What did the Scientists Discover?
Understanding the mechanisms of charge transport in spinels has the potential to establish design principles for enhancing their electronic and electrochemical properties for energy storage applications such as super capacitors. Researchers investigated ternary CoxMn3−xO4 spinel nanoparticles at CHESS exploiting the unique sensitivity of X-ray emission spectra to precisely determine the valence states and local coordination environments of Mn and Co as function of spinel composition. They found that the stochiometric trend in electronic conductivity correlates well with the concentration of Mn4+/Mn3+ hopping pairs, while the concentration of Mn3+/Mn2+ pairs is unchanged with stoichiometry. Co does not directly contribute to conductivity but creates configurational disorder that leads to the generation of hopping pairs for Mn at octahedral sites.
Broader Impacts of this work?
One of the main limitations identifying more accurate descriptions of charge transport in oxides has been the lack of characterization methods to precisely determine the site occupation of the cations. Overcoming these challenges by employing XES as in this study will lead to a more detailed understanding of the cation site occupancy with the ultimate goal of uncovering the fundamental link between configurational disorder and material properties. Combined with information on the material properties, we can then adjust the design principles to create better performing energy devices.
Why is this important?
Mixed-valence ternary spinel oxides exhibit electronic and electrochemical properties that can be significantly improved relative to those of binary spinel oxides. While it is known that the presence of multiple cation species at different sublattice sites gives rise to enhanced transport properties, the exact nature of this enhancement is poorly understood. This work forms the starting point to understanding the mechanisms of charge transport in ternary spinel systems.
Why did this research need CHESS?
This research used the two-color x-ray emission spectrometer DAVES at CHESS C-line to record the Co and Mn Kβ X-ray emission lines. The spectrometer enables rapid switching between collecting Co and Mn data essential for this research.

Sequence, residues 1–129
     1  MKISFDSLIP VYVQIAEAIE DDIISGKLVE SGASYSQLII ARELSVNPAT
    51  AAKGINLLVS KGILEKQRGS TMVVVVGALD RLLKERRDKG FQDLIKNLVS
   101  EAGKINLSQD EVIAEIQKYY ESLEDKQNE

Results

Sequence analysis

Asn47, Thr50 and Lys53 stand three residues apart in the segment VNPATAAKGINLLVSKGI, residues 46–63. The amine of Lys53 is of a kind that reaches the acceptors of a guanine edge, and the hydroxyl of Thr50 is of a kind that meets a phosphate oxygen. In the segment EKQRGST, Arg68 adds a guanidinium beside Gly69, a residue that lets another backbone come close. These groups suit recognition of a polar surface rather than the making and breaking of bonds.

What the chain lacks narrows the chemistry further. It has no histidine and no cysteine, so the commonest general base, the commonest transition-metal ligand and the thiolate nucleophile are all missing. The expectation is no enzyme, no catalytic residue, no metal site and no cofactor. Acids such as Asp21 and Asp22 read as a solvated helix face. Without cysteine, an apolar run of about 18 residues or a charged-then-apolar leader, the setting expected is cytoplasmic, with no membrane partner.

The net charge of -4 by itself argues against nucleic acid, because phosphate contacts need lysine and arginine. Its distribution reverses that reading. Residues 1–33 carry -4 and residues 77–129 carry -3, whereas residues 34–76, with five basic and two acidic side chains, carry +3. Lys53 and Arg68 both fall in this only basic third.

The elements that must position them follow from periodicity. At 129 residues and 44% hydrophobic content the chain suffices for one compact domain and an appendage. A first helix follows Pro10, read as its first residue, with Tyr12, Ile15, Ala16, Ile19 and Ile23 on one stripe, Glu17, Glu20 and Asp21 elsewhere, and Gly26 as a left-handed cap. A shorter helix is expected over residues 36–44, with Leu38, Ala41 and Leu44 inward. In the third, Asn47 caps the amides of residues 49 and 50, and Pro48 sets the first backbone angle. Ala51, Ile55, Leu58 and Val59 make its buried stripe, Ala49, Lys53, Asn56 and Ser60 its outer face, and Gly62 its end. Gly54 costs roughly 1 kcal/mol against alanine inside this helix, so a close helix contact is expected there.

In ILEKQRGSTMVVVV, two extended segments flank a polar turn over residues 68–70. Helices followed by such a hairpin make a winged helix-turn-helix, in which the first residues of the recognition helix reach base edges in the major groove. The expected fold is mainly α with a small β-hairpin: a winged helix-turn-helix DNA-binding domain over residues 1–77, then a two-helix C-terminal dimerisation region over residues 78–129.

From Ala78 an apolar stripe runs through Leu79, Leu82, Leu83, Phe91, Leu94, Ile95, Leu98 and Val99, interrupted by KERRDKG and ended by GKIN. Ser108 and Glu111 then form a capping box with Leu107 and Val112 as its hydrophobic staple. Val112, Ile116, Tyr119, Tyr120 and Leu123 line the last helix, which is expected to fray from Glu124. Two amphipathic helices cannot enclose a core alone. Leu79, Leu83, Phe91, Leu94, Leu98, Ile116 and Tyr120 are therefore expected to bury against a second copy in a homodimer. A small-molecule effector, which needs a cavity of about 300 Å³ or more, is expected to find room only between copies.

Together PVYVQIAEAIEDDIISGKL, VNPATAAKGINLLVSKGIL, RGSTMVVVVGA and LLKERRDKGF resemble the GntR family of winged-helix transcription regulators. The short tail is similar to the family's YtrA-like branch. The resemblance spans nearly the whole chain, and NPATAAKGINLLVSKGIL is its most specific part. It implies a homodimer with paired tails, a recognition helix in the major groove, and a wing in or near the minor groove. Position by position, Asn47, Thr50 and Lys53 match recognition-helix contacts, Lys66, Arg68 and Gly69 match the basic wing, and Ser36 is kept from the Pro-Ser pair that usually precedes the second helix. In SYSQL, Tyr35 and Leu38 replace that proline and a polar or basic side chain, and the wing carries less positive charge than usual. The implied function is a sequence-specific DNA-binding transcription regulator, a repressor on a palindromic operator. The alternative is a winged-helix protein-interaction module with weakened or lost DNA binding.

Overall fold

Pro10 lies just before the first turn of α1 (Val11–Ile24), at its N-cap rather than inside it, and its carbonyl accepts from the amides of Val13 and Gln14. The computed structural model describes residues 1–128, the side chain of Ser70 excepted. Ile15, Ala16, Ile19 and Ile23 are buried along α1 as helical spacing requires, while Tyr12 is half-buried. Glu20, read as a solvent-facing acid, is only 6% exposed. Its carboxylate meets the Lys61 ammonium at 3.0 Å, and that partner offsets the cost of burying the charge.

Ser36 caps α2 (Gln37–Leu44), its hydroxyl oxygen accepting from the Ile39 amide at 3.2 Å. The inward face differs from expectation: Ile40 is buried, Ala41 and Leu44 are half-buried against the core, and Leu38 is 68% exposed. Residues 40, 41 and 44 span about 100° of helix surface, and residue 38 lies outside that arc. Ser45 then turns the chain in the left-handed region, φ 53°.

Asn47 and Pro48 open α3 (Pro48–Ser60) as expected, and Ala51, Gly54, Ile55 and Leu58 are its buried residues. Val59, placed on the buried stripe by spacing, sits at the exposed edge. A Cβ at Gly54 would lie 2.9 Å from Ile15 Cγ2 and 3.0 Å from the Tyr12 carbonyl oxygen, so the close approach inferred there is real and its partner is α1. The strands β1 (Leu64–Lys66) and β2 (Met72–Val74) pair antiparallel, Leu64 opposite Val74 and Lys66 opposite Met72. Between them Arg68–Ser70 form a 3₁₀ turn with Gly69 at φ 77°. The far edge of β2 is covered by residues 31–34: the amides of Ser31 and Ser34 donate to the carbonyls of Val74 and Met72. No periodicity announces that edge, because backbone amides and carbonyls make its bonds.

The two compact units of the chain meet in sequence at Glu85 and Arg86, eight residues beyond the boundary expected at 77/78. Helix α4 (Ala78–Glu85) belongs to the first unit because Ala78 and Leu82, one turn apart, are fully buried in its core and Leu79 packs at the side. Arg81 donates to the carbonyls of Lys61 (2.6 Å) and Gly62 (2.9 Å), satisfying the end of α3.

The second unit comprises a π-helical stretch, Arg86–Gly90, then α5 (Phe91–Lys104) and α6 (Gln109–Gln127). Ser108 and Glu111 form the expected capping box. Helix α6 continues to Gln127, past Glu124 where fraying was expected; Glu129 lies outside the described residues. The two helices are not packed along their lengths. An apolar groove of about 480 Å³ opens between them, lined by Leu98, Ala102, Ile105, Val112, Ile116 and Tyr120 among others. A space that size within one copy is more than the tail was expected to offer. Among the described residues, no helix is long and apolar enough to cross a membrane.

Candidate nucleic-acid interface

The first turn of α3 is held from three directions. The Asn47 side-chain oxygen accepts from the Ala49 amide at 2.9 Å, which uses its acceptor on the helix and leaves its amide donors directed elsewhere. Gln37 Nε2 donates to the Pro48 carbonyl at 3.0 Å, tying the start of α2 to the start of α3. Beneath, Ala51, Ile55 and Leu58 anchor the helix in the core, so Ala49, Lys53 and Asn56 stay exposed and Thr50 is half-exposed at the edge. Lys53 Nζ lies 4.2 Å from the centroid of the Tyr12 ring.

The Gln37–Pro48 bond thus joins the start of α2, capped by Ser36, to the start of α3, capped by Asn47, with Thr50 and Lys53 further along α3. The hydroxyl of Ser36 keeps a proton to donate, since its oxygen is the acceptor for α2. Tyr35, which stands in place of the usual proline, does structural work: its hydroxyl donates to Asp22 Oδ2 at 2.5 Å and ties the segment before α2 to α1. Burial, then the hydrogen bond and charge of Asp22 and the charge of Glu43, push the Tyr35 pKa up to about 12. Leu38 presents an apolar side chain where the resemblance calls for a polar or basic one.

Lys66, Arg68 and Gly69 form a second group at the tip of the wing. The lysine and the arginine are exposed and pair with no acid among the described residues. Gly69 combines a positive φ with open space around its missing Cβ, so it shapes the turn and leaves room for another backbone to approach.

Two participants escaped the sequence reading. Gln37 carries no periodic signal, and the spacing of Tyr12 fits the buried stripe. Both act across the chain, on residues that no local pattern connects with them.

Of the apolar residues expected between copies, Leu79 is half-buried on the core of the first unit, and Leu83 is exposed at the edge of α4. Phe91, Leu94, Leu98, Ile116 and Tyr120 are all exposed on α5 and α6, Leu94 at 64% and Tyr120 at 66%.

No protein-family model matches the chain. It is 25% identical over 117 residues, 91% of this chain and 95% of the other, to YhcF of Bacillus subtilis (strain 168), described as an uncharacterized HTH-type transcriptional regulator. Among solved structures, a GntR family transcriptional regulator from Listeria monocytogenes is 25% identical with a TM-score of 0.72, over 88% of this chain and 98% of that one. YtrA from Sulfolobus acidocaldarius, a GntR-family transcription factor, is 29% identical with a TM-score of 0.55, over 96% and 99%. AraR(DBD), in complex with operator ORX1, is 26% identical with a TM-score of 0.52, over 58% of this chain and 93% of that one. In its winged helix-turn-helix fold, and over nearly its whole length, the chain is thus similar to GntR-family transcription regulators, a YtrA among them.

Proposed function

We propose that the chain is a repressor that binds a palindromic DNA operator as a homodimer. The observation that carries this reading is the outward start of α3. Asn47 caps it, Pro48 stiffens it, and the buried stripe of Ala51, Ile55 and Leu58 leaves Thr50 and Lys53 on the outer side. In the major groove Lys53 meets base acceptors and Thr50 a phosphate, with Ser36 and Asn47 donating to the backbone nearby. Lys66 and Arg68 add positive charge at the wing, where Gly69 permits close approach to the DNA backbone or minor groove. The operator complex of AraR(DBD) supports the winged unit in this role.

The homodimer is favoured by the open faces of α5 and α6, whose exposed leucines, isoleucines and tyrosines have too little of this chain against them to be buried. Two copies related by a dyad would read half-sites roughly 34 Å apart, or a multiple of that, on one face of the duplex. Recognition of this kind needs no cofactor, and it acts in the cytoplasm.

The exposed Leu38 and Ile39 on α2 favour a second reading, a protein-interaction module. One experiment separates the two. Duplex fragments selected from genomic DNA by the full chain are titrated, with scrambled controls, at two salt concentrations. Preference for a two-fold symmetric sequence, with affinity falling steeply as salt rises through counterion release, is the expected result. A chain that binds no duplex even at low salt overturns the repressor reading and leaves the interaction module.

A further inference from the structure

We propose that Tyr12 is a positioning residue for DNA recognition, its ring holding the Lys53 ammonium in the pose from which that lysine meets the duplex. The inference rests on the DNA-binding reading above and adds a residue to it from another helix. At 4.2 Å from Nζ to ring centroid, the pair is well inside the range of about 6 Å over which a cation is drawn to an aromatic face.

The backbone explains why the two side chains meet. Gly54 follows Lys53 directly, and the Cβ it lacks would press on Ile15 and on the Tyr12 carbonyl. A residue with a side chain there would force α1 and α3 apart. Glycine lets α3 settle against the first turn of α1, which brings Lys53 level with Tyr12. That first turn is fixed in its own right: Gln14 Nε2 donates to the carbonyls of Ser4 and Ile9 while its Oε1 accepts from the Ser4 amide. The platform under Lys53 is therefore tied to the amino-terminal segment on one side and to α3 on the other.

- Anuj Bhargava, Department of Materials Science and Engineering, Cornell University
- Cindy Y. Chen, Department of Materials Science and Engineering, Cornell University
- Kapil Dhaka, Department of Materials Science and Engineering, Technion - Israel Institute of Technology
- Yuan Yao, Department of Materials Science and Engineering, Cornell University
- Andrew Nelson, Department of Materials Science and Engineering, Cornell University
- Kenneth D. Finkelstein, Cornell High Energy Synchrotron Source (CHESS), Cornell University
- Christopher J. Pollock, Cornell High Energy Synchrotron Source (CHESS), Cornell University
- Maytal Caspary Toroker, Department of Materials Science and Engineering, The Nancy and Stephen Grand Technion Energy Program, Technion - Israel Institute of Technology
- Richard D. Robinson, Department of Materials Science and Engineering, Cornell University
A. Bhargava et al., “Mn Cations Control Electronic Transport in Spinel CoxMn3−xO4 Nanoparticles,” Chemistry of Materials, vol. 31, no. 11, pp. 4228–4233, 2019. https://doi.org/10.1073/pnas.1817134116
How was the work funded?
Cornell High Energy Synchrotron Source (CHESS) is supported by the National Science Foundation under award number DMR-1332208. This work was also supported by the National Science Foundation (NSF) under award numbers DMR-1809429, CMMI-1344562, CHE-1507753, DMR-1149036 and DMR-1719875; by a grant from the United States-Israel Binational Science Foundation (BSF), Jerusalem, Israel.